I’ve learned to say much less about myself and stop the chattering.
That’s what is so empowering about writing. It allows you to take control of your own narrative and choose how the world perceives you. You can report the facts accurately. You can tell the story exactly the way it happened, or you can elevate to art and use it to craft poems, fiction, or any other form you choose. You can use your experiences as a basis for telling a BIGGER story, with a universal theme.
I’ve already had the immediately romantic, intense dating relationships. And truly, that’s not healthy. It’s two people trying to fill a void with each other. My best relationships happened very slowly– and developed as a friendship first. Now I want to get to know a man over time, in a casual way. Without any romantic pressure. I honestly am not even sure I want to be going on “dates” anymore right now.
I only allow a man to pay for me if I’m sure that I like him. If I don’t, I pay for myself.
It’s true that when a man pays for you, it changes the dynamic. I just want to do simple things that are either free or don’t cost much money. Where we can just enjoy each other’s company. And I don’t want to add a physical relationship into the equation– even a kiss– unless I KNOW that he values me and is already committed to me.
I want unconditional friendship first. THEN maybe I’ll think about love.
But this year, I’ve learned to give myself the gift of unconditional friendship. The gift of my unconditional love of SELF.
I’ve accepted myself for all my faults. I’ve learned to cherish my strengths. And I’ve forgiven myself and asserted myself.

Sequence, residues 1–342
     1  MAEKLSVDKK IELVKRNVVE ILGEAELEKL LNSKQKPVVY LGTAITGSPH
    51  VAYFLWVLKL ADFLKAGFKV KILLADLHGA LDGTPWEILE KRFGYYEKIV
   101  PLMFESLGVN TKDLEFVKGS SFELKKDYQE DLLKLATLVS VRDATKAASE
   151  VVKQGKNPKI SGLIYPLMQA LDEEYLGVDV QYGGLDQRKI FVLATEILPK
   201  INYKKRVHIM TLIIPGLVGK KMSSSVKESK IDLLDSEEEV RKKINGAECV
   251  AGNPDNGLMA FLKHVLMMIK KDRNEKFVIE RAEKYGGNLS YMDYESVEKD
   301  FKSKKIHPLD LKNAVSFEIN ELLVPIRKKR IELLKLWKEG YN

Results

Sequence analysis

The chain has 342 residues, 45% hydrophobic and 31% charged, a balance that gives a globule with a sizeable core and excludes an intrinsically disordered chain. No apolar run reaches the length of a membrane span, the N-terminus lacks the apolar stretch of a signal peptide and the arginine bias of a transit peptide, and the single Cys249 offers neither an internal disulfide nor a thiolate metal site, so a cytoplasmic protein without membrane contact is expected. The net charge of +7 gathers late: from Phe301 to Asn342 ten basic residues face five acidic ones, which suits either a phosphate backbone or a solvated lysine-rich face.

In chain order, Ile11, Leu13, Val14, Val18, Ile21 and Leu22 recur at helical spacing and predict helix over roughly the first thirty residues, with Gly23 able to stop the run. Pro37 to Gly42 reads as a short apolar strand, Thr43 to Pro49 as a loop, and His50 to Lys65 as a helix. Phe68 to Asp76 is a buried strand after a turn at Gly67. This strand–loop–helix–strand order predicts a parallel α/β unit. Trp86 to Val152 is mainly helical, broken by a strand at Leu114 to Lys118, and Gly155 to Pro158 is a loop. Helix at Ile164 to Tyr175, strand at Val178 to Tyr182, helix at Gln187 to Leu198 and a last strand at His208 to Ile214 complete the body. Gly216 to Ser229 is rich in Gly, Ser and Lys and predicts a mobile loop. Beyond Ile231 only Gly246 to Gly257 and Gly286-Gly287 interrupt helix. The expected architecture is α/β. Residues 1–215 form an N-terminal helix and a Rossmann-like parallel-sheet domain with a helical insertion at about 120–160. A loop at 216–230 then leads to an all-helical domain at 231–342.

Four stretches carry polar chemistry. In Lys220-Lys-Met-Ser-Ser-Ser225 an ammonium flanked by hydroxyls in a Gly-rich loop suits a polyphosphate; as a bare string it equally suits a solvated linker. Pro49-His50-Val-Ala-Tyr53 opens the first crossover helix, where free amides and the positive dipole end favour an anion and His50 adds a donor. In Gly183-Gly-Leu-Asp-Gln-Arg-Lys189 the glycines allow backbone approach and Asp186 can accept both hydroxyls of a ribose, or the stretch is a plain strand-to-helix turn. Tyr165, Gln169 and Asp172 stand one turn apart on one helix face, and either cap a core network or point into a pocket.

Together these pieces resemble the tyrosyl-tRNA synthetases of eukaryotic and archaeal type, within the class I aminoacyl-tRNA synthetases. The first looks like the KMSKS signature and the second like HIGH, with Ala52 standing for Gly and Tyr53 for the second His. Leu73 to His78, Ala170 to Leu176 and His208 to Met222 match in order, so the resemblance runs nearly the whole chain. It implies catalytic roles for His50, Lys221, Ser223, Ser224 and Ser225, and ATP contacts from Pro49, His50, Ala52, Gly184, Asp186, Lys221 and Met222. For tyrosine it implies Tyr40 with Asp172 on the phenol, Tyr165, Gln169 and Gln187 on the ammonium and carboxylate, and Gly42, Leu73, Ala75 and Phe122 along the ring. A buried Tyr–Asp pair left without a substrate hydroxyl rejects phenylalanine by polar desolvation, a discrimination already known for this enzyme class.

I’ve stopped relying on others for validation.
And I became my own best friend. I became closer with my family.
I used to be so hung up on what others thought of me.
But now I’ve learned to detach and just keep on. What others think of you is not your business, or your problem. And if someone tries to sully your reputation out spite, that reflects on them– not on you. People will be spiteful if you’re nice, if you’re successful, or if you have something they want and they resent it.
I’ve learned that we have no control over how others feel about us. Rumors will eventually be exposed as that. Just stay out of it. A liar will eventually trip up in their web of untruths and people will see through them.
Rather than respond, just rise above.
I have a Brian Andreas print given to me by a friend, called Dark Garden:
“I once had a garden that grew only on dark thoughts, but they need constant attention & one day I decided I had better things to do.”
And that’s what I remember when I think about the dark gardens of my past. I feel no guilt about leaving them unwatered, deserted. In doing so, I have learned to nurture myself– because those dark gardens too much of my energy and time.
It was better to pray for strength than be impulsive with my words.
Because when you say something cruel, the person you wound the most is yourself.
Instead I’ve turned to God, and to art.
And in embracing those two passions in my life, I came alive again in a way I haven’t since I was a kid.